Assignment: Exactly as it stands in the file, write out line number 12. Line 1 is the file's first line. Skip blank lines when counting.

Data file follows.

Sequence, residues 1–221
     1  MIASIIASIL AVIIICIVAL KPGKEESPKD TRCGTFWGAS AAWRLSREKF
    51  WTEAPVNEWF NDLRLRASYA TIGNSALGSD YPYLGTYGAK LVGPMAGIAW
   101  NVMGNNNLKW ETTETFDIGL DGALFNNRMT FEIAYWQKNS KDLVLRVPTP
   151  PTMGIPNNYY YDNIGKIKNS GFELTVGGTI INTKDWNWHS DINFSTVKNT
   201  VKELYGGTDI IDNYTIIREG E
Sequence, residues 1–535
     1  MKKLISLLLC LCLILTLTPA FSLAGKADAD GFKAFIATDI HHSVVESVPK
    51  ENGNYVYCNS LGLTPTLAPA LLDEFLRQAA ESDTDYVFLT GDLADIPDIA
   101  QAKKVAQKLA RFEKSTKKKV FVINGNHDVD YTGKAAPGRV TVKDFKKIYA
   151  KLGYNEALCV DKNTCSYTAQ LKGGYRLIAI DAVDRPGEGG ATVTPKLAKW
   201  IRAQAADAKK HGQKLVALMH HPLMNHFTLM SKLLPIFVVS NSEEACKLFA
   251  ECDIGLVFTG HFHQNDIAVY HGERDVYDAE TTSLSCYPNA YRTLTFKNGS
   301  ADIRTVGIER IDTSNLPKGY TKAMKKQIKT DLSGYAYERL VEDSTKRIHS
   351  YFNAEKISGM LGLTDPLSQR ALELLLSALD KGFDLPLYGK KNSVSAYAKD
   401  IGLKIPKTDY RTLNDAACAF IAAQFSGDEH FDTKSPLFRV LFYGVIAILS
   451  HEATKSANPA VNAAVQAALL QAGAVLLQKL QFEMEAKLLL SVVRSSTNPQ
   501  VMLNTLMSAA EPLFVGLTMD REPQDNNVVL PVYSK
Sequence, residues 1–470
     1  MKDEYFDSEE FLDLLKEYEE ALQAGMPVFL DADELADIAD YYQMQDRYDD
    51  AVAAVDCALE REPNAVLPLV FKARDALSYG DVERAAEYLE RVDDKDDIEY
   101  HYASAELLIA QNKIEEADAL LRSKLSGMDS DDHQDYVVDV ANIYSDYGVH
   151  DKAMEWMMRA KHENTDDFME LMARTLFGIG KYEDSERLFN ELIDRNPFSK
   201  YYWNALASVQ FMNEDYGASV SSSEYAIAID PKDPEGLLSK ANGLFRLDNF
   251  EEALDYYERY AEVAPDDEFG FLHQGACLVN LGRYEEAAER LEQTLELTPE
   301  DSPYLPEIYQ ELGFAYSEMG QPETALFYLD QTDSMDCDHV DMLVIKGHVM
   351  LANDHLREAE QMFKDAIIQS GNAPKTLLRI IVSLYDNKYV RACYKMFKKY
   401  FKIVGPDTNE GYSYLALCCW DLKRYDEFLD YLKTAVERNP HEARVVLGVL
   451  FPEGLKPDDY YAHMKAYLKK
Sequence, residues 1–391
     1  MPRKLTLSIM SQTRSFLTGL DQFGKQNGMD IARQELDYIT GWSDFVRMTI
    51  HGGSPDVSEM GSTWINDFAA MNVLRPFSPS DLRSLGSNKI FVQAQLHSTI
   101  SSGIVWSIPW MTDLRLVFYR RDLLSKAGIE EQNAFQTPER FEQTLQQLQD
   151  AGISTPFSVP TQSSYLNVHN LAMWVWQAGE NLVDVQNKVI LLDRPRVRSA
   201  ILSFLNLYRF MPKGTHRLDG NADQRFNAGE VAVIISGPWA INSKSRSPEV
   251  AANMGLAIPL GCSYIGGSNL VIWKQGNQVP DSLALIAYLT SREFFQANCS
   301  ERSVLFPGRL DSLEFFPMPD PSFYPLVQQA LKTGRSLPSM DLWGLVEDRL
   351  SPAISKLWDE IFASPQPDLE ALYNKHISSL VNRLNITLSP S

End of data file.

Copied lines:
   201  IRAQAADAKK HGQKLVALMH HPLMNHFTLM SKLLPIFVVS NSEEACKLFA